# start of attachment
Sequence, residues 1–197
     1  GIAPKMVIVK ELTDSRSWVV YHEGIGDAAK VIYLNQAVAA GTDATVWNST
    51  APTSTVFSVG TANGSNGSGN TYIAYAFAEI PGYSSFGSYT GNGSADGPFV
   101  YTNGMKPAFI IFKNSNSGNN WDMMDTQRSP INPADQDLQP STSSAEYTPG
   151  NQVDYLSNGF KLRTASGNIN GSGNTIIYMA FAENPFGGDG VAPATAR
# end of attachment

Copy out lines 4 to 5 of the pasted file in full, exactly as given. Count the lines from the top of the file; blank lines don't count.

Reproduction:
   101  YTNGMKPAFI IFKNSNSGNN WDMMDTQRSP INPADQDLQP STSSAEYTPG
   151  NQVDYLSNGF KLRTASGNIN GSGNTIIYMA FAENPFGGDG VAPATAR